WLAN Monitors Thwart Rogue Access Points

Aruba Wireless Networks' access points can double as detectors of rogue equipment-an attractive option for companies that want to make sure employees aren't compromising security by sneaking WLANs in.

In the crowded wireless LAN (local area network) switching arena, Aruba Wireless Networks is courting an interesting and growing customer base: IT managers who deploy wireless networking equipment in their offices for the sole purpose of keeping wireless networking equipment out of their offices.

Officials at Aruba, in San Jose, Calif., say 30 percent of the hardware they sell is used to keep rogue, low-cost access points from being set up in their customers offices.

Much of the software in Arubas switching system focuses on security, and the companys access points can double as detectors of rogue equipment. When the Aruba access points are deployed in monitor-only mode, the system becomes a complex security structure.

"They need something to deal with the $79.99 threat," said Aruba CEO Don Lebeau, referring to the inexpensive access points that often make their way into office buildings without official sanction from IT departments. "Theres no question that the No. 1 issue is security. The existence of Wi-Fi means companies have to face a whole different security threat model."

Lebeau said one customer contacted Aruba after finding that someone, presumably a competitor, had planted access points on the underside of a conference table. But more often, these customers are just trying to make sure their own employees dont sneak WLANs in.

"From a security standpoint, we would prefer that Wi-Fi did not exist," said Jason Fuchs, director of IT and operations at Telephia Inc., a San Francisco company that deployed Arubas hardware to sniff out rogue access points.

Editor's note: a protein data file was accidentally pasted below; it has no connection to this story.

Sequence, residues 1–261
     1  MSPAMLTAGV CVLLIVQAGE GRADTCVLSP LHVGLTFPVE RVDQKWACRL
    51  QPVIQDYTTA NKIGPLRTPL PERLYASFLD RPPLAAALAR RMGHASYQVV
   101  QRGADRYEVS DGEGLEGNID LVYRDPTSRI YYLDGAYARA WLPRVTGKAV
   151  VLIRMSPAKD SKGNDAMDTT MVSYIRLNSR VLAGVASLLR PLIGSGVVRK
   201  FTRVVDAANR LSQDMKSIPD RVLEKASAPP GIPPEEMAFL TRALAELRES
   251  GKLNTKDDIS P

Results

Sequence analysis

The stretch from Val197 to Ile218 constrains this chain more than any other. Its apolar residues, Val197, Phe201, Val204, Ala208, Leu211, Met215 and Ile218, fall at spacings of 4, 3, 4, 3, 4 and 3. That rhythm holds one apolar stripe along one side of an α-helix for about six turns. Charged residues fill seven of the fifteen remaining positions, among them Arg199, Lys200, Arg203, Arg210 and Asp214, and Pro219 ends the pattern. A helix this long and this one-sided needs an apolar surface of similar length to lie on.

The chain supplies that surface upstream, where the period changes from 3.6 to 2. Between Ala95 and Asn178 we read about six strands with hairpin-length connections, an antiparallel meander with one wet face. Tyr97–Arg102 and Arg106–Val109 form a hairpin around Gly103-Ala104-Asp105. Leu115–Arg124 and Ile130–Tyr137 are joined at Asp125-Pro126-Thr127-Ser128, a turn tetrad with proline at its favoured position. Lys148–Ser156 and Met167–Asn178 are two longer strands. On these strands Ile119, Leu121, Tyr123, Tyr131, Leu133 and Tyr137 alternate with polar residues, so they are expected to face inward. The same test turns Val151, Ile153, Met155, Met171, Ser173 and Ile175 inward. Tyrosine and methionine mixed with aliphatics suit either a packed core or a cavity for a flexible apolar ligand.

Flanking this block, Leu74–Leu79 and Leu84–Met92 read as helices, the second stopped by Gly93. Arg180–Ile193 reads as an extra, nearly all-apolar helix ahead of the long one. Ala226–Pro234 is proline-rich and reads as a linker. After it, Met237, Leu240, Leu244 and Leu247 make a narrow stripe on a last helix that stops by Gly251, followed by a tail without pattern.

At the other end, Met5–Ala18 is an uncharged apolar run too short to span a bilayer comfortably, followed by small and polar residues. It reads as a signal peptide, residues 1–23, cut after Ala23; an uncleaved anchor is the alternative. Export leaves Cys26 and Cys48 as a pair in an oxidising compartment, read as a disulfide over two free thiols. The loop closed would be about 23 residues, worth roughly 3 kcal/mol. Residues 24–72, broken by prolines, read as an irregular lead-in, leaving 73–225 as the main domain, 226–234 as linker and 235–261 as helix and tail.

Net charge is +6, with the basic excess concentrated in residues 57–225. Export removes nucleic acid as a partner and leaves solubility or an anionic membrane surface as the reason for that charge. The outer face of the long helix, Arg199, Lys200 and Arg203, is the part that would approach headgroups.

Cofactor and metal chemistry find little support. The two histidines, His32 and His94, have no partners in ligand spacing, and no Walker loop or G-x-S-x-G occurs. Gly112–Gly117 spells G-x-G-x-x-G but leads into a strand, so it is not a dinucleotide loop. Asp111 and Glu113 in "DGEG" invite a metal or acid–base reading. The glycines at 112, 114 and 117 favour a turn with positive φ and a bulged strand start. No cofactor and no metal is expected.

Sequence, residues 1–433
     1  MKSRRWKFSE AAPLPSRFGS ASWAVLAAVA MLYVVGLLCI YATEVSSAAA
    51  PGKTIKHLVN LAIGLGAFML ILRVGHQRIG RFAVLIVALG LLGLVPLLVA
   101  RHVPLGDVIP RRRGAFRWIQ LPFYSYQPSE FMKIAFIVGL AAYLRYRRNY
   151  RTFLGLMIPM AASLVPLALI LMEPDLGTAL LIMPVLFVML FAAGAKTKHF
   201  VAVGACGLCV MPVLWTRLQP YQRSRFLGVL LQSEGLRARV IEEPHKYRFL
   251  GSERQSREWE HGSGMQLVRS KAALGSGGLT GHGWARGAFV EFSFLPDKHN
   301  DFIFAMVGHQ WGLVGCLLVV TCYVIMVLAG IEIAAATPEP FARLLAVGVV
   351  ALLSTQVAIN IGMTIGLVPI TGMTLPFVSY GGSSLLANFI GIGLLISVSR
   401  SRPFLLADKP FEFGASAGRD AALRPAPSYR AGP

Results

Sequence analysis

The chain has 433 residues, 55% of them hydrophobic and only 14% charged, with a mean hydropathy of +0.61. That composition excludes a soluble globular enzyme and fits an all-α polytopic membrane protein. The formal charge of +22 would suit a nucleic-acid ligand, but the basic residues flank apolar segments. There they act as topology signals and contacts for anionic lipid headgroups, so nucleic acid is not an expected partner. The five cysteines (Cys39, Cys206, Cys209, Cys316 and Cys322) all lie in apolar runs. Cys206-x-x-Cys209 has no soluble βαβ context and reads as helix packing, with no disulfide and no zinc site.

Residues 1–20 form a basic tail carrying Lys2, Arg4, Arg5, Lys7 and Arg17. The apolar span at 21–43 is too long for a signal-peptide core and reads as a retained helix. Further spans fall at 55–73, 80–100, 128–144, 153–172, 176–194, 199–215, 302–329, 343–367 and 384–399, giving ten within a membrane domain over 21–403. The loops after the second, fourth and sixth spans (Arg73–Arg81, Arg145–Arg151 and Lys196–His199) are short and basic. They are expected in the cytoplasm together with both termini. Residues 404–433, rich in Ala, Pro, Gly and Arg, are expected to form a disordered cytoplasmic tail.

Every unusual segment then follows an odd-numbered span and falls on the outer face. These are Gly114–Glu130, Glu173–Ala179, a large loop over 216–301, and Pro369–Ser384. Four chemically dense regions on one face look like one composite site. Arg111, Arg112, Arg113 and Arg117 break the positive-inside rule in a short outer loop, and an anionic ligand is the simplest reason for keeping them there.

"Just go buy a cheap Wi-Fi access point and within minutes you are broadcasting your companys internal network to the world," Fuchs said. "With the growing demand for Wi-Fi service in our office and the relative stealth and anonymity with which it can be deployed by unauthorized users, we felt that it was only a matter of time before a user took matters into their own hands."

There are plenty of inexpensive handheld WLAN monitoring systems on the market, but Aruba customers said they need something more complex to keep track of multiple locations at the same time.

/zimages/3/28571.gifClick here to read about other companies wireless security efforts.

Legal Services for New York Inc. plans to install Aruba monitors in its 16 offices. "Its impossible for me to be everywhere at once, so this centralized management piece is key," said John Grenier, chief technology officer of the Manhattan nonprofit organization.

"What weve seen is an incredible number of insecure access points all around us. Thats not a direct threat, but my concern is that a secure laptop [within the organization] might connect to an insecure access point outside," Grenier said. "Were in the midst of building a centralized data infrastructure, and by doing so, were increasing the risk that if one network is compromised, it compromises the whole city."

The organization plans to deploy its own official WLAN by the end of the year, Grenier said.

Lebeau said customers such as Grenier are the reason he decided to take the helm of Aruba earlier this year despite doubts about the WLAN switching space.

"My initial take was that it was a crowded space and I wasnt sure it was that interesting, but I came to a significant eureka that Aruba is at an intersection between security and wireless," said Lebeau, whose résumé includes five years at networking vendor Cisco Systems Inc.

Cisco has yet to offer the ability to run its WLAN hardware in monitor-only mode. A spokeswoman for the San Jose, Calif., company indicated that the feature is forthcoming but declined to say when.

Fellow WLAN hardware veteran Symbol Technologies Inc. plans to add passive monitoring features to its WLAN switch by the end of the year, said officials at the Holtsville, N.Y., company. Currently, Symbols access points can act as rogue access point detectors, but the switch doesnt support monitor-only mode. Symbol officials said they expect that even customers with existing WLANs will run some access points in monitor-only mode.

"The reason you have the passive equipment is so you can scan all the channels," said Yangmin Shen, director of wireless infrastructure at Symbol. "If its active, its also trying to be used as a regular access point. It cant do both at the same time. There would be a lag."

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